I know our experiences are far from unique, so I'm hoping these posts will resonate with other people in a similar position.
This 1st post in the series was written on the tube on the way back from seeing him yesterday.
On my way up to dad's 2nd floor flat, I drop in to wish DZ's daughter a Long Life. DZ died yesterday and her funeral's today, leaving dad the only nonagenarian left in the block.
Let myself into dad's flat. He's not there! I do the usual holding-breath-while-opening-doors routine, but, no, he really isn't there. Further investigation reveals he's gone out wearing a light summer jacket (it's cold and pissing down outside), no hat or brolly and without any of his selection of walking sticks or zimmer frames.
Phone his GP. They haven't seen him either. Grab an umbrella and prepare to search the streets for him, hoping against hope that he hasn't fallen again.
As I pass the library, I peep in and think I see him in the window. But it's not him after all. Decide I might as well check properly inside. Bingo! He's there, reading a newspaper. Huddled under the brolly, we head home for lunch.
'I'm a bit doddery,' he says in wonder.
'That's why you should take your stick when you go out,' I say. 'I've left one of my 'daft-old-bugger' notes next to your keys to remind you ...'
These daft-old-bugger notes generally work well. They remind him of crucial things (eg 'Don't wear these shoes, they hurt your feet, you daft old bugger') and make him laugh.
After lunch, I fill his pill box. He's forgotten to take his morning meds as usual (in spite of the 'Don't forget to take your pills, you daft old bugger' note stuck on his cereal bowl). Decide to call every morning to remind him if I'm not going to see him that day.
His medication has been changed following a discussion I had last week with his consultant. I've questioned the meds before with his crap GP to no avail but the consultant thinks I might have hit the nail on the head with my suggestion that dad's dizzy spells might be caused by one of the items.
The dressings G & I put on his head and elbow following his last fall haven't been changed. I tried to do it myself last week but bottled out and organised a visit from a district nurse. They confirmed they would come but clearly the visit never materialised. Will have to phone them later and find out what's happening.
Also see from notes that V, his lovely carer who pops in every evening to prepare a meal and ensure he's taken his next batch of pills, has been replaced by someone I don't know. Dad's acute short term memory loss means he didn't know about the change and no one's contacted me to let me know. I'm concerned as V and I have a really good relationship and she knows exactly what dad needs. Will have to phone agency later and find out what's happening.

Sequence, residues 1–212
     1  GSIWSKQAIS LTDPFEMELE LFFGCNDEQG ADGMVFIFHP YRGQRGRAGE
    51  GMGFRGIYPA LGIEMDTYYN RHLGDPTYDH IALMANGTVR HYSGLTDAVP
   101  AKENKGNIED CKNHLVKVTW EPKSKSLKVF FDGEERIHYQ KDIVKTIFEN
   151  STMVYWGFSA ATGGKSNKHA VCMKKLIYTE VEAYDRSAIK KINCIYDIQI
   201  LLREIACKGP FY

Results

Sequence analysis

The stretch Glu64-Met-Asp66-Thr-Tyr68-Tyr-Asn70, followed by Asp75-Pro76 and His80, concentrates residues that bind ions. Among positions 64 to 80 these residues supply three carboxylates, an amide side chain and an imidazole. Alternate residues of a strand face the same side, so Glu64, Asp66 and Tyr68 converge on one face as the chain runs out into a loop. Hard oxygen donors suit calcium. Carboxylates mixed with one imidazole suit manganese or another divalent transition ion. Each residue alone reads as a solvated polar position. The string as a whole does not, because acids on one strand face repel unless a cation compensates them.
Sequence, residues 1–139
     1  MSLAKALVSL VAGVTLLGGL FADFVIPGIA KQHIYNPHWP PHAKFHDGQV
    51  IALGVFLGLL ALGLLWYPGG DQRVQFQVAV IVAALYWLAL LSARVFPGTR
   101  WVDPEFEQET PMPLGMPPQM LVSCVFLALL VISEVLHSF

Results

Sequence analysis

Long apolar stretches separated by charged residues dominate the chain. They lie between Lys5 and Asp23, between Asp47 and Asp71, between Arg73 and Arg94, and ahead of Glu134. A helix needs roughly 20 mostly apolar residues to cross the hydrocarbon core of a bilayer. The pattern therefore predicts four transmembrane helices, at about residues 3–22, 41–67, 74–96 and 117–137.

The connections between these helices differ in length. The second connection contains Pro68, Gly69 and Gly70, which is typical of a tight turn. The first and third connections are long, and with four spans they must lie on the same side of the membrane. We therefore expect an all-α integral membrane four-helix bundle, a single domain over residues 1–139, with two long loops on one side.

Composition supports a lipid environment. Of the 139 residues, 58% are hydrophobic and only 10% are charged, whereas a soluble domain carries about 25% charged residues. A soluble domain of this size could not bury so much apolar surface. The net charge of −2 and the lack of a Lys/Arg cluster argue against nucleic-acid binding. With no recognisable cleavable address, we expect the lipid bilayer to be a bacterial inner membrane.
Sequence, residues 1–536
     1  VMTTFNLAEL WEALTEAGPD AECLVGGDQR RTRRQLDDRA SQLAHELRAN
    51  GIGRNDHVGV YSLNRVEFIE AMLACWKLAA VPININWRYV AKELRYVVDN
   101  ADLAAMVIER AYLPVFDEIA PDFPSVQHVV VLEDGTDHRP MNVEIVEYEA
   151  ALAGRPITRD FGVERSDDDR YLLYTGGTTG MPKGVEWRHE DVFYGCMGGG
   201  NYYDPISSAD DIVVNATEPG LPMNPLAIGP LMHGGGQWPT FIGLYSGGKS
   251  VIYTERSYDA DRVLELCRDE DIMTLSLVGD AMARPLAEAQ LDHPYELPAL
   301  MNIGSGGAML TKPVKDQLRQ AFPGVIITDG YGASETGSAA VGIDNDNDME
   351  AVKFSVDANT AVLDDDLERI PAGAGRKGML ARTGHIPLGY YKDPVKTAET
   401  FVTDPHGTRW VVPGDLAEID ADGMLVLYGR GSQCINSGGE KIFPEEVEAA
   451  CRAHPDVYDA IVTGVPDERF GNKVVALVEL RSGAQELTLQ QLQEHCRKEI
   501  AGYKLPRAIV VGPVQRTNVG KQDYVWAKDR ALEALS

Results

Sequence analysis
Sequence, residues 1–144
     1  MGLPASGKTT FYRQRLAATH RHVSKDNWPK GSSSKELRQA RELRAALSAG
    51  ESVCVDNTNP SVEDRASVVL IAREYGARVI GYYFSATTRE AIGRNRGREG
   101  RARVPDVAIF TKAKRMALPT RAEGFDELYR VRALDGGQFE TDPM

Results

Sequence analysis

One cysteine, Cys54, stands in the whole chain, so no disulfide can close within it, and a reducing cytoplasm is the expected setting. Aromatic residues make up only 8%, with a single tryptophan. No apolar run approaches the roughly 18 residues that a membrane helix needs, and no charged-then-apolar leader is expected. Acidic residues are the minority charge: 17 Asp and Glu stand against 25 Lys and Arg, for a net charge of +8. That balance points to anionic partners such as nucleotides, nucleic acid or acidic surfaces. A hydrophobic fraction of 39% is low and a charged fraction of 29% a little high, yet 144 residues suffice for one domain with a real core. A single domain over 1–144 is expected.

Leave later than intended which means I'll now be late for picking up LG from school as it takes over 1.5 hours to get home.
I am continuously enraged by dad's GP's practice. They do the absolute minimum, have been known to lie to me, are outrageously inefficient and - more importantly - treat dad in a way that is at best uncaring and at worst downright negligent. I would complain except I'm really scared that they'd take it out on dad when I'm not there. I have a strong suspicion that there have been times they've sent him away without seeing him but I can't prove anything and of course he doesn't remember.
He's so vulnerable. It appalls me when I think about people who don't have family and friends looking out for them. This is no way to treat the elders of our community.
Luckily there are also some wonderful and caring people out there, working at the sharp end of the NHS and sharing these frustrations from the other end of the stethoscope.
This is an extract from, a new book, In Stitches, by Nick Edwards, who is a doctor in an A&E dept:
A sign the world has gone mad?
What has had happened to my patients today? They seemed to be getting lost when I sent them for X-ray. I'd given the same directions as normal, there had been no secret muggers hiding in the hospital corridors and as far as I know, no problems with space - time dimensions in our particular corner of the universe.
I went to X-ray to investigate. I found it quickly because I knew the way. However, I looked for the signs for X-ray and they were gone. The nice, old-fashioned and slightly worn signs had gone; they had been replaced by a sign saying 'Department of Diagnostic Imaging'. What the hell? I know what it means but only just and only because I have been inundated by politically correct 'shit-speak' for a number of years. What a pointless waste of money; to satisfy some manager, they replaced a perfectly good sign with one that means bugger all to 90% of people. Why don't they change the toilet sign to 'Department of Faecal and Urinary Excrement' or the cafe to 'Calorific Enhancement Area'. Who makes these decisions? Who is employed to do such pointless stuff? Why? Why?? Why???
I needed a caffeinated beverage in a disposable single-use container - management-speak for shit NHS/Happy Shopper instant coffee. I went to sit in the 'Relaxation, Rest and Reflection Room', previously known as staff room. There, the nurses were moaning that tonight one of their colleagues had called in sick and to save money their shift would not be covered by a bank nurse. In A&E, staff shortages can seriously undermine the safety of patient care.
I am sure this genius plan was decided by some personnel manager who I doubt has ever seen a patient, cannula or trolley, and therefore is obviously an expert at making nursing planning decisions. We have a hospital that can fund unnecessary new signs, but not replace nurses when they off sick. So, tonight who is going to go looking for the patients when they got lost on route to the Department of Diagnostic Imaging?